I don’t get out much. So when I was invited to participate in a panel at the annual meeting of the History of Education Society, I jumped at the chance. Especially when it gave me the chance to rub shoulders with some nerd all-stars.
Our panel will include four authors of books familiar to SAGLRROILYBYGTH. First, Jon Zimmerman will tell us something about global sex ed from his new book, Too Hot to Handle.
Then, Natalia Mehlman Petrzela will keep the sex-ed ball rolling while adding in some bilingual ed as she talks about her book, Classroom Wars.
Next, Andrew Hartman will share some insights about education and culture wars from his blockbuster War for the Soul of America.
Last, I’ll talk a little bit about what it has meant to be “conservative” when it comes to education, from my new book.
What will we talk about? Hard to say until we get there, but the theme that ties these books together is that of educational culture wars. What have Americans (and people worldwide) seen fit to teach their kids about touchy subjects such as sex and God? Who has been allowed to make decisions about school?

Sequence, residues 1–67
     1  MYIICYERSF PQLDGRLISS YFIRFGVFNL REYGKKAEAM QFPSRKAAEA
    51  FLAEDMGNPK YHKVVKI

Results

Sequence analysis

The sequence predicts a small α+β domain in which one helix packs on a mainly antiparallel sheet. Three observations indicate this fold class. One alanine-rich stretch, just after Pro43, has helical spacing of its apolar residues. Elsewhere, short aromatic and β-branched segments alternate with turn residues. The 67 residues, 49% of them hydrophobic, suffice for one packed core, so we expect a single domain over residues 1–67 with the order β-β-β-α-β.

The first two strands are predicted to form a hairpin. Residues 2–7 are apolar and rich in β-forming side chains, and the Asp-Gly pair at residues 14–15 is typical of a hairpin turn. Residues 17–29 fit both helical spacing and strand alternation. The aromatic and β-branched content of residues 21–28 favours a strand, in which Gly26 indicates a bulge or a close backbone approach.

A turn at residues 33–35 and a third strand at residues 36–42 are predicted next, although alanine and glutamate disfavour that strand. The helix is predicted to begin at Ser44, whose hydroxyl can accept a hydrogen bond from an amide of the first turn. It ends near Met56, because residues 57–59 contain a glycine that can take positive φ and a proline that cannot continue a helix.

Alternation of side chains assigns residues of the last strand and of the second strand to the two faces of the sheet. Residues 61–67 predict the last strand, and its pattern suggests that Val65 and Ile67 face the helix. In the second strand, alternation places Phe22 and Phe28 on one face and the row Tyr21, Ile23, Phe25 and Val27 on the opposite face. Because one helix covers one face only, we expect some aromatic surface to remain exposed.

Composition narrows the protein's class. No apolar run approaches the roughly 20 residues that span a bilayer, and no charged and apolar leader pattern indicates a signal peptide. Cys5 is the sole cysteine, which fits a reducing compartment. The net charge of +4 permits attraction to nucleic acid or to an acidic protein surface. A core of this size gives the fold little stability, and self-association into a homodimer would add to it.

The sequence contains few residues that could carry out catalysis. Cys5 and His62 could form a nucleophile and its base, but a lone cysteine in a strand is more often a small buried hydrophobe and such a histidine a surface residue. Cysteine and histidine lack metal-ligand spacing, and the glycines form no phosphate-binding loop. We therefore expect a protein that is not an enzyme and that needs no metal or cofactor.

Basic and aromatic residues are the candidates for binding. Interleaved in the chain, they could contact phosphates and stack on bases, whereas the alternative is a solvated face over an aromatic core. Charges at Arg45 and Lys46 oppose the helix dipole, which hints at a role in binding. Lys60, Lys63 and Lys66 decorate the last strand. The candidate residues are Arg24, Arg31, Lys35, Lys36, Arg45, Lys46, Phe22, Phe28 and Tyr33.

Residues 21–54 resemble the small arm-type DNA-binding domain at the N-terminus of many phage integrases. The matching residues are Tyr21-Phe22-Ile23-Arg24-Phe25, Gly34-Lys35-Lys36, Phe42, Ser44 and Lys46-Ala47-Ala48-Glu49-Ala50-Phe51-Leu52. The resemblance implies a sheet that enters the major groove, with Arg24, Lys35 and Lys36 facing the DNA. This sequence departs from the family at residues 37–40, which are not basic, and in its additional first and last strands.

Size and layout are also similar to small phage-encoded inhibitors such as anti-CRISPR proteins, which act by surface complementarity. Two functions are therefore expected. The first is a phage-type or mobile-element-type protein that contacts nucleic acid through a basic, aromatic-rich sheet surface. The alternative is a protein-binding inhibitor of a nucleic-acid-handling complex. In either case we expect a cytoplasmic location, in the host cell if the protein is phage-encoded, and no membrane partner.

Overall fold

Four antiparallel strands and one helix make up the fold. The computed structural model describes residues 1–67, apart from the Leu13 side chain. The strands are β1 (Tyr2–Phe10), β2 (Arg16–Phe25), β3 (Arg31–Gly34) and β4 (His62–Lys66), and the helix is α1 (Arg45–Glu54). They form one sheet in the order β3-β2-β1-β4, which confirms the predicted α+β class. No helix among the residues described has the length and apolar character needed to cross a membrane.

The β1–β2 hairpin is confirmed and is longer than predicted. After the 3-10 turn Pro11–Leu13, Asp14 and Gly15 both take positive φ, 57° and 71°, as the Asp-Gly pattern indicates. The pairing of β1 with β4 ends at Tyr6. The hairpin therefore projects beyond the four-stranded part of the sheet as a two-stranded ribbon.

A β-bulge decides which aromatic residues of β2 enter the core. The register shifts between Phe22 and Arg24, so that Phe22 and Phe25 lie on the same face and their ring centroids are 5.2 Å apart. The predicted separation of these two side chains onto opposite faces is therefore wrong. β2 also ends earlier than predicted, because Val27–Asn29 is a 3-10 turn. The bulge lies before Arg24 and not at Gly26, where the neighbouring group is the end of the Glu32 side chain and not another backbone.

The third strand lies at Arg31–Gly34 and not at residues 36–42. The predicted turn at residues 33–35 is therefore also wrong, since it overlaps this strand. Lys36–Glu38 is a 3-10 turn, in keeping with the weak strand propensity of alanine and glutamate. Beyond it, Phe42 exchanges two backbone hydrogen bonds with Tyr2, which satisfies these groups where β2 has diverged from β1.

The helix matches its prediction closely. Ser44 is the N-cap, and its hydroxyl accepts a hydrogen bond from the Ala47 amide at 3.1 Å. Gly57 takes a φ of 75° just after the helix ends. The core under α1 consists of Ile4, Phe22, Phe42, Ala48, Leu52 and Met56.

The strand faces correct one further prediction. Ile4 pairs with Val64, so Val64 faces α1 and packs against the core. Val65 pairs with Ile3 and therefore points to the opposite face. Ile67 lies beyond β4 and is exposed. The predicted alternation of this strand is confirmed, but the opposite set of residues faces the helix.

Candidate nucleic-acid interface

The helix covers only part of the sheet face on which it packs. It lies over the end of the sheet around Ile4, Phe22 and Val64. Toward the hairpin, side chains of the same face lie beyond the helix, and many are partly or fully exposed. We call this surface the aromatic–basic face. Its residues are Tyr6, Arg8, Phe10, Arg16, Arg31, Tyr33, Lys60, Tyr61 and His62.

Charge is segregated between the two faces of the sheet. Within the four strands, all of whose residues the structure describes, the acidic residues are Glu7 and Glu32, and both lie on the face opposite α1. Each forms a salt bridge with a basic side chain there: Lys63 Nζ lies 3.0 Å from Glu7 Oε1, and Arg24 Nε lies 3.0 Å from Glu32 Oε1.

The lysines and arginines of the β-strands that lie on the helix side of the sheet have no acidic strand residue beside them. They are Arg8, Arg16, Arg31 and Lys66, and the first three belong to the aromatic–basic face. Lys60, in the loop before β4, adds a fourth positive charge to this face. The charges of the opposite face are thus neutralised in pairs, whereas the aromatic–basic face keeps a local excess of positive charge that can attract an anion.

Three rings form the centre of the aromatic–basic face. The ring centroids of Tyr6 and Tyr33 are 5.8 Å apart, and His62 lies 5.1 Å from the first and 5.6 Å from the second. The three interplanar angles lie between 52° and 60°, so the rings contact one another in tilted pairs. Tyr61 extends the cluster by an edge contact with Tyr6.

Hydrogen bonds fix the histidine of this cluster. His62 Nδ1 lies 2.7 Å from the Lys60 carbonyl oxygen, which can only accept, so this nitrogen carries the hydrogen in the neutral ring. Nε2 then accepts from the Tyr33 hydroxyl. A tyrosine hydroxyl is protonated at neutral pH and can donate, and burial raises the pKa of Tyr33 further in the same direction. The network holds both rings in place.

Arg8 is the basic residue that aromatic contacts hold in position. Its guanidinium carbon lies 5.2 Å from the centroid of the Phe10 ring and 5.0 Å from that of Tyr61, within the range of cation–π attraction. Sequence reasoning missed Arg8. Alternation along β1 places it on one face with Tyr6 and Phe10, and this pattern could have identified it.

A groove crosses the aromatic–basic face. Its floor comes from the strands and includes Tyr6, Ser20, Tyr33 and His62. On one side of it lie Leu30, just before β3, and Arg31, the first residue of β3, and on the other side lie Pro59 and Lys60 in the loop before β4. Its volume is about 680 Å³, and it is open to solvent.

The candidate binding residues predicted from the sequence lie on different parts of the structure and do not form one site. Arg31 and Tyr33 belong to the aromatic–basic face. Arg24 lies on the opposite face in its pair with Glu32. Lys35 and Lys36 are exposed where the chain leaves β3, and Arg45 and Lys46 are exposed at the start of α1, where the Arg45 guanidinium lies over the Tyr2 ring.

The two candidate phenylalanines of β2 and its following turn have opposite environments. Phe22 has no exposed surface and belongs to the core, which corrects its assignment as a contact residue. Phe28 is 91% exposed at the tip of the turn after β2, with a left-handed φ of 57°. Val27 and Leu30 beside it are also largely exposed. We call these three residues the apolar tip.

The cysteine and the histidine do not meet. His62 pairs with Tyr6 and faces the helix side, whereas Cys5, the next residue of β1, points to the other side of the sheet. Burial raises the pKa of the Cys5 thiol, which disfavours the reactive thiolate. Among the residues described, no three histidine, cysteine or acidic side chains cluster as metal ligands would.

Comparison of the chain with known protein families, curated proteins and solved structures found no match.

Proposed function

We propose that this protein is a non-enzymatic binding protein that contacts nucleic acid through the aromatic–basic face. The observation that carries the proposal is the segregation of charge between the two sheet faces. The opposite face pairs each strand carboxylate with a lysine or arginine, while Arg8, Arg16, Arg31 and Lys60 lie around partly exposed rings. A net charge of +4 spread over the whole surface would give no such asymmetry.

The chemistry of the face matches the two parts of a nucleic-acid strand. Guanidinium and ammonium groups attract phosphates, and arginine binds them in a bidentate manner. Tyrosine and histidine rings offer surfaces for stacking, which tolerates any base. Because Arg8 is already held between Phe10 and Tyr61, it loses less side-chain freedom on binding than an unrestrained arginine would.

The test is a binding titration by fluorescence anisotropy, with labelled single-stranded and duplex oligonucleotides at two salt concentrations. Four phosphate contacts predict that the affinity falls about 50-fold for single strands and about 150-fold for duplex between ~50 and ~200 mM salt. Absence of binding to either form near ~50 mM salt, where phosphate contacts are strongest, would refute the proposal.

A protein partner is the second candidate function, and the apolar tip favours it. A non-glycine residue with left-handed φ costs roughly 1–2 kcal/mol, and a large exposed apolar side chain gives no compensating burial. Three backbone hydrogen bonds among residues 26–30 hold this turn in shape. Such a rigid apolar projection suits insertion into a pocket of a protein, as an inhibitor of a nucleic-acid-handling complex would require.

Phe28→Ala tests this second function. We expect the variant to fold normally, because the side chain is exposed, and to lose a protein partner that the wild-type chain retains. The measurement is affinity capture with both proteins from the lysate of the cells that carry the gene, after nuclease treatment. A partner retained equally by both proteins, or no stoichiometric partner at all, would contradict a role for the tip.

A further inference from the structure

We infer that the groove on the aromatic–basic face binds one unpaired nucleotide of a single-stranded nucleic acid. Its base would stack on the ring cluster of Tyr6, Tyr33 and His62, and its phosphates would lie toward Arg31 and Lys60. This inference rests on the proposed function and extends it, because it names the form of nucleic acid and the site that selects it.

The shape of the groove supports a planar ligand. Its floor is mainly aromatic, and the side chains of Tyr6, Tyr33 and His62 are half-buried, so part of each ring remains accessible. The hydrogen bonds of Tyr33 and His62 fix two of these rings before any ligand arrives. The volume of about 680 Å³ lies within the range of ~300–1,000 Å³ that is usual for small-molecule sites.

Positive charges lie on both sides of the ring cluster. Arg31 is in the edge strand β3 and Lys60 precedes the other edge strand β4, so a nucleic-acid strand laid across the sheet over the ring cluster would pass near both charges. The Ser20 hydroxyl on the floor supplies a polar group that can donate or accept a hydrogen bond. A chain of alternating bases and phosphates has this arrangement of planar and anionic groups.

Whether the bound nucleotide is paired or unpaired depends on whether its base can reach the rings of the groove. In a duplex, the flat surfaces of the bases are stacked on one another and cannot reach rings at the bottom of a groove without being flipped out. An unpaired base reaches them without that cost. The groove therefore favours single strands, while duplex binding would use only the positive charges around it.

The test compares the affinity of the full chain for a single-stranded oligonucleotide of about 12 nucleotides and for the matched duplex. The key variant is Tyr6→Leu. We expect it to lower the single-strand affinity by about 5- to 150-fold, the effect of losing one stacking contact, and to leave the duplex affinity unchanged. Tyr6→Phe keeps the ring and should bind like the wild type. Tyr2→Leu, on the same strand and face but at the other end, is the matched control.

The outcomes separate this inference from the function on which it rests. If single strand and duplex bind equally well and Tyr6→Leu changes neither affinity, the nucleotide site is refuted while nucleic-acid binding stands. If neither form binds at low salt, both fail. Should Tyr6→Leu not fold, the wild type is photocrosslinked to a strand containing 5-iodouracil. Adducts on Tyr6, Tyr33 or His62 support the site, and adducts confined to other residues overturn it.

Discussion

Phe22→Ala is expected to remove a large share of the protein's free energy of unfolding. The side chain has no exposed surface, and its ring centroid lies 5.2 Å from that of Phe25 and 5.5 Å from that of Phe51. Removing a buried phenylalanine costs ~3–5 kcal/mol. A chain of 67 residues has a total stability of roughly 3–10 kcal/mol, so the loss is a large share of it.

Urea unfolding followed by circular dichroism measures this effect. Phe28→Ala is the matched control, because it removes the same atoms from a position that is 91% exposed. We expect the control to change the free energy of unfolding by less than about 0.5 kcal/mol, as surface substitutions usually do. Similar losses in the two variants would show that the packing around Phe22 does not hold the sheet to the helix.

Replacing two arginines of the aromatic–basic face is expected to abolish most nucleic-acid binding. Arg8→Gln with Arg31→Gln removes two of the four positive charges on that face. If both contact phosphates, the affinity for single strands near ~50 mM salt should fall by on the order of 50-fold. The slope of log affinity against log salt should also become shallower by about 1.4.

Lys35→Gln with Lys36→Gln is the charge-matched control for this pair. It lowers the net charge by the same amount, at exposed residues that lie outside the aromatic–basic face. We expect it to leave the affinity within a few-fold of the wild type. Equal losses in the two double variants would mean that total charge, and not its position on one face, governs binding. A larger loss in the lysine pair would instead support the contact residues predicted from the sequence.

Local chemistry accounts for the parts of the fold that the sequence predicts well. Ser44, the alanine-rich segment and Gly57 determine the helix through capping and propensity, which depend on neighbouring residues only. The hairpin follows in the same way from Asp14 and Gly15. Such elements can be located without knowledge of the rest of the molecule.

One disagreement we might have could be about the winners and losers. If there are such things as educational culture wars, we all have different conclusions about who has won. Jon Zimmerman argues that kids overall—especially in the United States—get very little sex ed, due to consistent activism against it. I think, too, that conservatives have been able to exert veto power over many big educational programs. Both Andrew and Natalia, though, say that by and large progressive ideas have come out the winner in these battles.
What do you think:
- Are there such things as educational culture wars?
- If so, are they all in the past?
- And, maybe most interesting to most people…who won?